By Rabbi Avrohom Sebrow
Dathan Ritzenhein (born December 30, 1982 in Grand Rapids, Michigan) is an American long-distance runner. He held the American record in the 5,000-meter race (12:56.27) from 2009–10, when it was broken by Bernard Lagat. He is a three-time national cross-country champion with wins at the USA Cross Country Championships in 2005, 2008, and 2010. He now competes professionally for Nike and is coached by Alberto Salazar.
Nimrod Kamer is a prankster. Kamer tells celebrities he nefariously edited their Wikipedia page and will only remove said edits for a hefty fee. Kamer explains the purpose of the project is to show how easily he can “extort” celebrities to edit their Wikipedia pages. As amused as Kamer is by his own antics, Wikipedia’s staff is not. They’ve launched an investigation into Kamer’s celebrity edits and deleted Kamer’s Wikipedia page on the grounds that it is a “vanity” page that doesn’t satisfy “inclusion criteria.”
Omri Casspi (born June 22, 1988) is an Israeli professional basketball player with the Cleveland Cavaliers of the National Basketball Association (NBA). He is 6 ft., 9 in. tall, and plays at the small forward position. He was drafted 23rd overall in the 2009 NBA draft by the Sacramento Kings, making him the first Israeli to be selected in the first round of the draft. With his debut with the Kings in 2009, Casspi became the first Israeli to play in an NBA game. The Cavaliers traded for him in June 2011.
What do all three people have in common?
The Mishnah in Eiruvin asks the following question: How are we me’abar a city (append outskirts before measuring its techum)? If the city is not a perfect square we have to figure out where to start measuring the 2,000 amos that one is allowed to walk past the outskirts of the city on Shabbos. The Mishnah proceeds to explain that we square off the city by drawing a straight line that passes the outermost city appendage. While this is somewhat complicated, it actually is totally irrelevant for the purposes of this article. This article will focus on the Mishnah’s opening question: How are we me’abar a city?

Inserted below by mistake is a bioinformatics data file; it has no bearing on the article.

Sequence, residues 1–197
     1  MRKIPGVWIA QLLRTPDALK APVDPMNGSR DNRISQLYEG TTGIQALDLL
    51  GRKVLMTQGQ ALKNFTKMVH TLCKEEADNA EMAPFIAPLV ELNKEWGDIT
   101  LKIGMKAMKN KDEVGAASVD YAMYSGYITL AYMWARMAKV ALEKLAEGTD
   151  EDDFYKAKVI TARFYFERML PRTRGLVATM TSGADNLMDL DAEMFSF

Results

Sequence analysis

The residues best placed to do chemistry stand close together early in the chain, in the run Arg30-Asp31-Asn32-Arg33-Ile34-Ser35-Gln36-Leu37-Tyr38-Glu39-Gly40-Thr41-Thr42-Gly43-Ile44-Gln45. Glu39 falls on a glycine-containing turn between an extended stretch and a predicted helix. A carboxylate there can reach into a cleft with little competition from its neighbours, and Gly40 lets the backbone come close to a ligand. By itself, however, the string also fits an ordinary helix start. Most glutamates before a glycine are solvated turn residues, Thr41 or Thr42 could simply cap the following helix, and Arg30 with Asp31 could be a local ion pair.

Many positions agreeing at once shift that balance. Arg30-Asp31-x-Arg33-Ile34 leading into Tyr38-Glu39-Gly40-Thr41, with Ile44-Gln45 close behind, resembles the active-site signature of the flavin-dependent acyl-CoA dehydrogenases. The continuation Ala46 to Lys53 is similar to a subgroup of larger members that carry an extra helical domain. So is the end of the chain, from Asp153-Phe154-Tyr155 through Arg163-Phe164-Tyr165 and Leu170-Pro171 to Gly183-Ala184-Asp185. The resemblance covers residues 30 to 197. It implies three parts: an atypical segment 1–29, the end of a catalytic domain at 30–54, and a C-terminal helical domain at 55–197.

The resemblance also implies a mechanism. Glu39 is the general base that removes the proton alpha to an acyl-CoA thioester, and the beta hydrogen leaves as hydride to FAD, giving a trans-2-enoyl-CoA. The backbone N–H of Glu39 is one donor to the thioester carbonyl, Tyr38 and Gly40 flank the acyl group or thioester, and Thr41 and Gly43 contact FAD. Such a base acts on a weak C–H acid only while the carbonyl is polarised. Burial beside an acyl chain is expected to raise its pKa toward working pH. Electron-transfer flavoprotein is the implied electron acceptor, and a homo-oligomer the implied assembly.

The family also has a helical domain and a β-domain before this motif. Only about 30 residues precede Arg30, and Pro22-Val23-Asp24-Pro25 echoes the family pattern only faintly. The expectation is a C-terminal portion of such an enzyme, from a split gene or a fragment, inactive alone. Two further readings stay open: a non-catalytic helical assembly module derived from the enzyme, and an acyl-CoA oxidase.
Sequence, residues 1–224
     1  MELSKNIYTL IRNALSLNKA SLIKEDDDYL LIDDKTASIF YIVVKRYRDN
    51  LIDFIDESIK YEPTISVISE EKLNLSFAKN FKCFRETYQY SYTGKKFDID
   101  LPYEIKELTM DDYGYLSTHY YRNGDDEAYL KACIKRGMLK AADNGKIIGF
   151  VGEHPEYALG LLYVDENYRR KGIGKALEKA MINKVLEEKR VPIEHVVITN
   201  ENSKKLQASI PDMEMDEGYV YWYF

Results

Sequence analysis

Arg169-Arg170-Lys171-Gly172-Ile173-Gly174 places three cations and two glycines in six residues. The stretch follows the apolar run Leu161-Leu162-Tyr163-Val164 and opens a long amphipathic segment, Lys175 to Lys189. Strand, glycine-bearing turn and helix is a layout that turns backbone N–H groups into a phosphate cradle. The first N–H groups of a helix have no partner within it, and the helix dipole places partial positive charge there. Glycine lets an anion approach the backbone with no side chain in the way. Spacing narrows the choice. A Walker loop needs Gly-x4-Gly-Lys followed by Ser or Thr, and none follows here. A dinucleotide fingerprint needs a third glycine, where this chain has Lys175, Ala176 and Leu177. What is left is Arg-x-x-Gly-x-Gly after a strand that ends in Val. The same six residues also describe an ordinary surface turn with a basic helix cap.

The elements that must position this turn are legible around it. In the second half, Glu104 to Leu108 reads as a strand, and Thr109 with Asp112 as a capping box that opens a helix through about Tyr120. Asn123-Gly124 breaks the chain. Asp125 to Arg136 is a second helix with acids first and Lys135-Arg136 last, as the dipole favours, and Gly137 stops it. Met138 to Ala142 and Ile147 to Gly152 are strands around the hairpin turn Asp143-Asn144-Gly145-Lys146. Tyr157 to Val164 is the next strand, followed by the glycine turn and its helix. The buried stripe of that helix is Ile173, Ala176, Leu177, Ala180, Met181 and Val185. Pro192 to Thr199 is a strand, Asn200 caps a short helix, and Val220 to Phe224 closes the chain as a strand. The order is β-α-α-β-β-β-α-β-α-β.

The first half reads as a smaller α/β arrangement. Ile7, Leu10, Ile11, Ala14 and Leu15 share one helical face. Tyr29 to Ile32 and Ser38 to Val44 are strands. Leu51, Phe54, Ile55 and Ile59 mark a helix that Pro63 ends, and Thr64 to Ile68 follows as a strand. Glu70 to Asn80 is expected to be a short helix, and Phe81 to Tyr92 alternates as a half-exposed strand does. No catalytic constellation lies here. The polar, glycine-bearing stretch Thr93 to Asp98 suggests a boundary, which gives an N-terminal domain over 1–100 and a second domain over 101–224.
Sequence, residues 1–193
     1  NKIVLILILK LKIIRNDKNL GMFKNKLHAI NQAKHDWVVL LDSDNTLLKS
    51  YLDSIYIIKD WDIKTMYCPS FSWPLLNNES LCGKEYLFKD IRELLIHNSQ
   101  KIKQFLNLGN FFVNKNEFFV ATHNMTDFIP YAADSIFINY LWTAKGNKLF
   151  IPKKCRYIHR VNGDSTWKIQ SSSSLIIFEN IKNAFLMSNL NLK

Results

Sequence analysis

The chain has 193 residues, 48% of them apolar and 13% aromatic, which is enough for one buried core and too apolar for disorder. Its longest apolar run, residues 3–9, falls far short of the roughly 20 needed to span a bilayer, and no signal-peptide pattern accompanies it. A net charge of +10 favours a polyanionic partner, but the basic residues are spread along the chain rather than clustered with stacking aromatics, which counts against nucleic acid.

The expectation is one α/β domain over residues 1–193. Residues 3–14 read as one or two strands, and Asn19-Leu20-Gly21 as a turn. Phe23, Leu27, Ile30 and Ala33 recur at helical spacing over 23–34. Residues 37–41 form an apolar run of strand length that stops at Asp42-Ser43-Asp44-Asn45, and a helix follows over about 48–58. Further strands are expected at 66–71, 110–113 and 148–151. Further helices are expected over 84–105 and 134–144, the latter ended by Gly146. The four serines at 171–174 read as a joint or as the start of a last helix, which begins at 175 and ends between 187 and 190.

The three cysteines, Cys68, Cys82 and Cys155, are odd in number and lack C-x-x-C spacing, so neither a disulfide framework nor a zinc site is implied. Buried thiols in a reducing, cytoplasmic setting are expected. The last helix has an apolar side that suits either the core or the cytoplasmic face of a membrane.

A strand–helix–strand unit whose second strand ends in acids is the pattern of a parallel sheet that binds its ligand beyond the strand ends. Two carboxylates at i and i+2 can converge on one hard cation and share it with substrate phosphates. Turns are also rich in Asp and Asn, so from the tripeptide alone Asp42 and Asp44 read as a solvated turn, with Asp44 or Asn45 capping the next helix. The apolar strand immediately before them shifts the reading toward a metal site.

The Gemara proceeds to explain that Rav and Shmuel had four disagreements, the first of which focused on our Mishnah. Rav and Shmuel differed as to the spelling of the word me’abrim. One said it is spelled with an ayin. The Mishnah refers to the additions to the city in the same way that a fetus is an addition to a me’uberes (pregnant woman). The other one said it is spelled with an aleph. The Mishnah is calling the additions evarim, limbs.
The Gemara then proceeded to quote three other seemingly unrelated arguments.
The cave in which the Avos are buried is called Me’aras ha’Machpelah. What is the significance of the word ha’Machpelah—the doubled one? One said the cave had a second floor so it was doubled. The other one said the cave is referred to as doubled because four couples were buried there. The doubling refers to the fact that couples are buried there, not to the structure of the cave itself.
The third dispute relates to the pasuk which states, “Vayhi bi’mei Amrafel” (one of the four kings who made war with the five). One opinion said Amrafel’s real name is Nimrod. He is called Amrafel because amar v’hipil (he said and cast) Avraham into a lit furnace [for refusing to serve idolatry]. The other opinion held that his real name is Amrafel. He is just called Nimrod because he was mamrid (made rebel) the entire world against Hashem.